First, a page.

Mystery Trip: Day 1, part 2

And we’re off!

The Pendry is located in the Gaslamp District:

No, I don’t know why it’s called the Gaslamp District, nor has anyone offered an explanation. It certainly gives off that aura of being a tourist center, does it not? And given our stated preference for fine dining, craft cocktails, and artsy stuff, we set off to explore the neighborhood to find these things and start mapping out our dining plans, etc.

Oddly, there did not seem to be many especially fine dining places, nor craft cocktail bars. There were plenty of restaurants, but most of them were solid but basic kinds of places, and most places seemed to be beer kinds of places rather than great cocktails. It was a puzzlement, until we saw…

Petco Park. Home of the Padres. Who have never won a national championship (I learned from our handout; no team from San Diego ever has). The Gaslamp District is a sportsball district.

And artsy stuff? Nada.

Not a problem. We know how to find what we want. We retired to the Pendry’s Fifth & Rose bar, which does serve craft cocktails, for a mid-afternoon tipple and a chat with the bartender, Cody.

I had the Smoke & Mirrors (by Shane, who joined us anon): mezcal, Amaro Montenegro, sweet vermouth, and a house blended smoke and salt bitters. It was very tasty.

I’ve learned by now that if you’re unfamiliar with the city and want to know where the most interesting cocktails are, all you have to do is find a bar that serves those kinds of things and you ask the bartender where the other great bars are.

So of course Cody was able to give us a quick list of places to check out. I’ll report back.

The good folk at Pack Up & Go had scheduled us for a neat little pasta-making class for dinner, but while we rested back in the room — all right, we took a nap — I did some checking about and discovered that the Old Globe Theatre had a show that night: The Notebooks of Leonardo daVinci, conceived and constructed by Mary Zimmerman.

Mary Zimmerman, you may recall, was the deviser of Metamorphoses, a kaleidoscopic adaptation of Ovid’s masterpiece, performed in a shallow pool. Half dance, half spectacle, all amazing — we saw it at Chicago’s Lookingglass Theater — and so our evening plans did not involve making pasta, which we already know how to do anyway.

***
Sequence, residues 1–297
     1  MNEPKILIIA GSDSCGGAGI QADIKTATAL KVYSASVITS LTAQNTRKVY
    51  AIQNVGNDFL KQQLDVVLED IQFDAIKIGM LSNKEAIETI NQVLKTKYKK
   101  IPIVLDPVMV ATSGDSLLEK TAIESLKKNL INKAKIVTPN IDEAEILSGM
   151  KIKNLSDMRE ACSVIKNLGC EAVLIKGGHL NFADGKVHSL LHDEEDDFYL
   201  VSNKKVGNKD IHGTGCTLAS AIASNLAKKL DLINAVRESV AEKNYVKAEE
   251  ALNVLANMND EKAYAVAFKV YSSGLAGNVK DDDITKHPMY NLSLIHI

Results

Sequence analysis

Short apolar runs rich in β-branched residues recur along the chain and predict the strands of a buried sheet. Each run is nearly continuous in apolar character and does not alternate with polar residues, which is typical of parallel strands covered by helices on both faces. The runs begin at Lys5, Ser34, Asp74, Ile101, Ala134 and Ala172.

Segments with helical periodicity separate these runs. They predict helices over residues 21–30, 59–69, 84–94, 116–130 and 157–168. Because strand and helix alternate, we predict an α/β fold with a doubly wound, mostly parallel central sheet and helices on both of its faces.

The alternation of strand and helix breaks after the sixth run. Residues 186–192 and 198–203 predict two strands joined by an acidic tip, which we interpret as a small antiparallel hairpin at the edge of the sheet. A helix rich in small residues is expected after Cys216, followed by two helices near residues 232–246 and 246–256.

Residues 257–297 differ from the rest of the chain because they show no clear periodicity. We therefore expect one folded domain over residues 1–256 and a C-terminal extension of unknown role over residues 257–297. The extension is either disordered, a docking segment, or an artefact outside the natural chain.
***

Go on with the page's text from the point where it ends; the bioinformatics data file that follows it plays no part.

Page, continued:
I found us a restaurant near the theatre, Parc Bistro-Brasserie, called the pasta place to let them know we weren’t coming, and off we went. (Another factor in our decision was that we already know how to make our own pasta. As one does.)

Parc is a first-rate French restaurant. Our waiter was in fact a rather handsome Frenchman, charming and personable, and the food was excellent. No, I didn’t take photos. (Their barrel-aged Manhattan was also excellent.)

Our travel package included a $50 gift card for Uber, so we snagged a driver to get us to the theatre, which is in Balboa Park, a vast complex of museums.

The Old Globe:

The poster:

The show:

The entire show is simply the words of da Vinci as he scribbled them down in the thousands and thousands of pages he left behind. It is mind-boggling in its construction and staging. See all those filing cabinet drawers that make up the walls of the set? They were ladders, drawers, display cabinets, set pieces. (More photos here.)

Da Vinci’s work and insatiable curiosity were on full display, as was his sometime pettiness: the sequence where he disses sculptors (i.e., Michelangelo, whom we’ve just heard two women drooling over as a bella uomo) was hysterical.

We left the theatre flabbergasted. I was sincerely moved by the man’s insights and humanity. “While I thought that I was learning how to live, I have been learning how to die.” So say we all.

We snagged another Uber home and went straight to bed like any elderly couple up way past their bedtime.

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